Retro trends impact value

Are you looking to sell your house? You might want to update these features before you put it on the market.

Selling your house? You might want to rethink the wood panelling and retro wallpaper. Photo: istock

Selling your house? You might want to rethink the wood panelling and retro wallpaper. Photo: istock

Retro wallpaper

Simon Pritchett from Ray White St. Heliers and Kohimarama said some clients have been turned off by retro wallpaper.

“One woman who bought a house from me initially didn’t look at it because she didn’t like the wallpaper,” Pritchett said.

“It was one feature wall in the living room and from seeing the images online, that was the one thing that put her off,” he said.

According to a survey, colourful retro bathrooms turn buyers off. Photo: PDImage, Pixabay

According to a survey, colourful retro bathrooms turn buyers off. Photo: PDImage, Pixabay

Colourful bathrooms

Many older homes feature outdated blue, orange, pink and green themed bathrooms.

A survey revealed that 75 per cent of UK homebuyers thought avocado-coloured bathroom suites were ugly, with 44 per cent of those potential buyers saying that they would be put off buying a property that had a green bathroom.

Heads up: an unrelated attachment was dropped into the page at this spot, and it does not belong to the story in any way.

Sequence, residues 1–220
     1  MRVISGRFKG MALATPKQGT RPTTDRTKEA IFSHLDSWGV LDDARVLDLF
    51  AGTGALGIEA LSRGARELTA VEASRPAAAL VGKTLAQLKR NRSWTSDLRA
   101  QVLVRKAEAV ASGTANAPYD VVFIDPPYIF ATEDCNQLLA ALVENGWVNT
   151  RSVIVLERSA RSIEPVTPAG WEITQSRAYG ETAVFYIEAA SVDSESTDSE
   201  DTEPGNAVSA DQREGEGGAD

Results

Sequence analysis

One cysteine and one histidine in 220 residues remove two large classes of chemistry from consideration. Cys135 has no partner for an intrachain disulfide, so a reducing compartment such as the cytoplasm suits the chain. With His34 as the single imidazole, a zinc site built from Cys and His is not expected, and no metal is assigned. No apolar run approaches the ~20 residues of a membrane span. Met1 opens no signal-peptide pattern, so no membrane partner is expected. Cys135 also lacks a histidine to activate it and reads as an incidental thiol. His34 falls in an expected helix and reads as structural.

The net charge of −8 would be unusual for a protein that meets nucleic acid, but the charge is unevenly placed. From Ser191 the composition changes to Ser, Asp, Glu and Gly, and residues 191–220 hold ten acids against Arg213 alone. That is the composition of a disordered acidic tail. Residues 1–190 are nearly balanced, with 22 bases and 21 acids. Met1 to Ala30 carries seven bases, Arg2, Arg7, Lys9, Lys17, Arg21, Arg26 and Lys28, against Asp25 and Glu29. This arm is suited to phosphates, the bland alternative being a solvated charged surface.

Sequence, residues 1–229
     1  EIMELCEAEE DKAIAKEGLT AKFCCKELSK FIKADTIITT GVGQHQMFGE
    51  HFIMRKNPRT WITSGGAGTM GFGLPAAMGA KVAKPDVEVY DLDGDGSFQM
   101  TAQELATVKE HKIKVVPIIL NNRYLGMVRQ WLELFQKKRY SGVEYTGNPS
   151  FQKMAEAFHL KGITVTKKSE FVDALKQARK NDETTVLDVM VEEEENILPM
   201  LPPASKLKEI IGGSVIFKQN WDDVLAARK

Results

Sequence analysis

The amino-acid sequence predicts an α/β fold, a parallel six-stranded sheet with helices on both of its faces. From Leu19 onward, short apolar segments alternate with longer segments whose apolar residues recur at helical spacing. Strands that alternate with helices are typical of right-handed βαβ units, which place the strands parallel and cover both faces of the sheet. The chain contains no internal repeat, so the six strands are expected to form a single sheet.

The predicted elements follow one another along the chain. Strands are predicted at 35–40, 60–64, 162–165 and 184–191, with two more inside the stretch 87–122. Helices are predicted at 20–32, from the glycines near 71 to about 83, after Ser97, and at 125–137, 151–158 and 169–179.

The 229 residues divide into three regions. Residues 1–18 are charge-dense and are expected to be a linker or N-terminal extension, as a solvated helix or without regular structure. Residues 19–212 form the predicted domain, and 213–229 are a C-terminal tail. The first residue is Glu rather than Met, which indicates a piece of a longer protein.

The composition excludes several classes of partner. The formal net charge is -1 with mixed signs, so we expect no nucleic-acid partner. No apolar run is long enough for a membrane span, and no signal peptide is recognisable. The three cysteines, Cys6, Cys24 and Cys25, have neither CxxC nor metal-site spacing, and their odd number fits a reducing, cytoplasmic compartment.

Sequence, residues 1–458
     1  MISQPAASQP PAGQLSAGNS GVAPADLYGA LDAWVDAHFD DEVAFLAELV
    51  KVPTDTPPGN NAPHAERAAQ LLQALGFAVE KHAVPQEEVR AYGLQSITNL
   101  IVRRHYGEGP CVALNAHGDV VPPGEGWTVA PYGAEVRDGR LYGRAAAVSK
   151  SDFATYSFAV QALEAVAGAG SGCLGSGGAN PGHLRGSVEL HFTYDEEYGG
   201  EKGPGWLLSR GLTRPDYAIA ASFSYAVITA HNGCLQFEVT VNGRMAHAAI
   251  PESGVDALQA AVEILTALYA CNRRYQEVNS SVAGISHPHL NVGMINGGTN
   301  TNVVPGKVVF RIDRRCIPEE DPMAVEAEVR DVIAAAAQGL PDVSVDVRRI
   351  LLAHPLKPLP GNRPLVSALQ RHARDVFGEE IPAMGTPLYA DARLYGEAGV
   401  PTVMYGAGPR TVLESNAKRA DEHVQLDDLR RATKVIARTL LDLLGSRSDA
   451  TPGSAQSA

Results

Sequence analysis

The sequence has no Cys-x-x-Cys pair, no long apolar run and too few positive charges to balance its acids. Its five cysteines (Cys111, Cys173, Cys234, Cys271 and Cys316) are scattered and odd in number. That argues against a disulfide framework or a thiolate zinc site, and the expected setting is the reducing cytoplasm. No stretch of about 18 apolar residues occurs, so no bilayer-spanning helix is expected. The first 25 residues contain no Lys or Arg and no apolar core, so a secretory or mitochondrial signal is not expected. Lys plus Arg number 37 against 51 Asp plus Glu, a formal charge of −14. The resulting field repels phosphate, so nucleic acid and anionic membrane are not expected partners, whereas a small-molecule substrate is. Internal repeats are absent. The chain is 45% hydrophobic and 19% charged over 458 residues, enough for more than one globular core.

Patterned carpet

Just because you are obsessed with your bright, flowery carpet, doesn’t mean everyone else is.

The survey revealed a third of UK homebuyers (35 per cent) would think twice about purchasing a home that features heavily patterned carpet.

‘Cubicilised’ homes

Mr Pritchett said he had visited numerous stunning, architecturally designed homes from the late 1960s and early 1970s, but had found that people were turned off by them because they were “cubicilised”.

“These homes are gorgeous but they just have room upon room and a big long hallway.

“There is no connectivity and unfortunately people don’t want to live like that anymore. They have great style but the layout puts people off. In a lot of cases, if it doesn’t have fabulous bones, people just start all over again.”

What do people want?

“Fundamentally, property is very, very subjective,” Mr Pritchett said. 

The real estate expert said most homebuyers in 2017 want a space with longevity and are leaning towards homes with large open plan living, dining and entertainment areas that have access to a reasonably sized lawn area.

However, when it comes to making changes before putting your home on the market, Mr Pritchett said you have to draw the line somewhere.

“Many times I’ve got a house ready for sale and the client decides they should repaint the whole interior or replace the carpet for a vast expense, but then a month later there will be a skip outside the house with the brand new carpet.”